Chip Kidd tours New York Comic Con

Fandom proves to be recession-proof as comic collectors, Wonder Women, and Wookies sell out the Con


Caitlin Shamberg
February 9, 2009 11:15PM (UTC)

The New York Comic Con is sold out and is packed with fans. Video games blare near the entrance, celebrity artists sign sketches under giant DC and Marvel banners. Small press publishers and original artwork sellers display golden age comics that no one can afford. There are a million drawn variations on the joker (as well as several walking by, one licking his lips just like Ledger in "The Dark Knight"). Everyone here seems giddy. "I think my fifteen year-old self would be very proud of me," says Paige Pumphrey, a local artist presenting her Bettie Page inspired comic at the con for the first time.

I’m meeting up with writer, collector and graphic designer, Chip Kidd. Kidd, who has an extremely successful career designing book covers, is here promoting his latest work, "Bat Manga! The secret history of Batman in Japan." He seems like less of an artist or an author at "The Con" than a fan, providing a deadpan running commentary as we pass booths selling corsets, comics and swords. "I actually don’t own any swords, I usually just rent them," he says. Noticing someone dressed as Wookie, Kidd comments, "It looks like somebody I used to date," and he delights in the eclecticism of it all.  He pauses to check out a Captain Marvel comic, which he also collects, and gets excited about original production drawings for "The Watchmen" movie, pointing them out obsessively: "There’s Ozymandias, and the Comedian, and Rorschach."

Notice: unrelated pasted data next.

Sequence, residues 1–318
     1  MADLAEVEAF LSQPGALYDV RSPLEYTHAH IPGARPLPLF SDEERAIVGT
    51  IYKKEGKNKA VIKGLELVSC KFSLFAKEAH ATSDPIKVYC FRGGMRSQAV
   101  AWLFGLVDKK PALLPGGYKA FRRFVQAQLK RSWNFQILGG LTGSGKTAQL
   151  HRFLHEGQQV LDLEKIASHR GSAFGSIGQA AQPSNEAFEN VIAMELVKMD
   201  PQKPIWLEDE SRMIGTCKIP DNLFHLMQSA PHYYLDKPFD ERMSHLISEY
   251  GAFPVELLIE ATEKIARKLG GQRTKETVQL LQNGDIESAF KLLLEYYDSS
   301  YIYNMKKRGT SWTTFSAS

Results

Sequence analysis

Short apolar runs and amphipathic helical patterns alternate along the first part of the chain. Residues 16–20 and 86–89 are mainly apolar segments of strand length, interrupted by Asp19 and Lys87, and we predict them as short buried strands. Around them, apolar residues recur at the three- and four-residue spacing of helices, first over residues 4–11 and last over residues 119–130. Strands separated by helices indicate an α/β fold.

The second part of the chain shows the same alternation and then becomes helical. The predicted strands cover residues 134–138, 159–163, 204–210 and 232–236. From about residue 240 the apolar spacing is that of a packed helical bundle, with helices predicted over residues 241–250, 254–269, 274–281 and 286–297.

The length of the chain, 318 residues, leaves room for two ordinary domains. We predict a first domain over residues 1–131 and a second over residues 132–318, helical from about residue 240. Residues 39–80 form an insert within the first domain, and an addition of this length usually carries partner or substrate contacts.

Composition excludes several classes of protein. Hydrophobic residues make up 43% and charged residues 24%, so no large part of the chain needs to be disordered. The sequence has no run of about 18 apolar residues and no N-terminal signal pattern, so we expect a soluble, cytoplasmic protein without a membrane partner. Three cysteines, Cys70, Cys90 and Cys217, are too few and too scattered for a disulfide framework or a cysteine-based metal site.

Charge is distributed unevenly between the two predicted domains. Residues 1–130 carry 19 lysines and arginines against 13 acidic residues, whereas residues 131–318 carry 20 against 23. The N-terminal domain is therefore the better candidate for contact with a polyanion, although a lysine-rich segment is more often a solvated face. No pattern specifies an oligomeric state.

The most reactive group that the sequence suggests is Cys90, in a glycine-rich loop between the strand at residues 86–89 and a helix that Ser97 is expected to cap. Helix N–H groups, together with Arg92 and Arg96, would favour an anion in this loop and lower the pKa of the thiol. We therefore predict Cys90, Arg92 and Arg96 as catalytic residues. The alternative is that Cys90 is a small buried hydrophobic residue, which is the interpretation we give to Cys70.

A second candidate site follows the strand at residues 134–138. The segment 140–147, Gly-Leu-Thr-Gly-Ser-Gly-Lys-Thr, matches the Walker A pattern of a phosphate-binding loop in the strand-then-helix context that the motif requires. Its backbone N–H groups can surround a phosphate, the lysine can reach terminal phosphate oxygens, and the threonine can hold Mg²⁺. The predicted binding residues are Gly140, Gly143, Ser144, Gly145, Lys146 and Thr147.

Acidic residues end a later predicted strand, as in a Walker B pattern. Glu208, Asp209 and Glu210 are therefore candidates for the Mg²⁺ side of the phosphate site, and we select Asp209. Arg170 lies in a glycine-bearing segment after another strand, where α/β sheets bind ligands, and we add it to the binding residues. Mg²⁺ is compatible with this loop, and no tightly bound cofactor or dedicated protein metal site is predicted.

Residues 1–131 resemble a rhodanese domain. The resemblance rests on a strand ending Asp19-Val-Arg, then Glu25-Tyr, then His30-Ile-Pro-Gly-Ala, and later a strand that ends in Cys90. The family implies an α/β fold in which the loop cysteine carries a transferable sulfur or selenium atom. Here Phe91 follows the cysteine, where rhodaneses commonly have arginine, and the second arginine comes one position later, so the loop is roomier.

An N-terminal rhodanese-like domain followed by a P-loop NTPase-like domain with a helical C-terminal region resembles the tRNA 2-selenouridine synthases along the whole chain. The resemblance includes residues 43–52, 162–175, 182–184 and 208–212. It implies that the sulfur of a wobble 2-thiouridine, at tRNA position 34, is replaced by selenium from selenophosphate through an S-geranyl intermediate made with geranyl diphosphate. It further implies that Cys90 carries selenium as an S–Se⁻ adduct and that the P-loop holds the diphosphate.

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At his panel, Kidd discusses "Bat Manga!" and Japanese artist Jiro Kuwata, who created the Japanese version of Batman. Kidd begins by lowering the lights and playing a DVD. "Now imagine you’re a kid, it’s 1968 and your favorite show is about to come on," he says to a small, devoted audience. A black and white superhero takes the screen and we enter a vintage universe where Kuwata's Tobor the 8th Man must save earth from a swarm of evil, radioactive honey bees. Kidd lets us watch the entire fifteen-minute cartoon.

 


Caitlin Shamberg

Caitlin Shamberg is a former multimedia editor at Salon.

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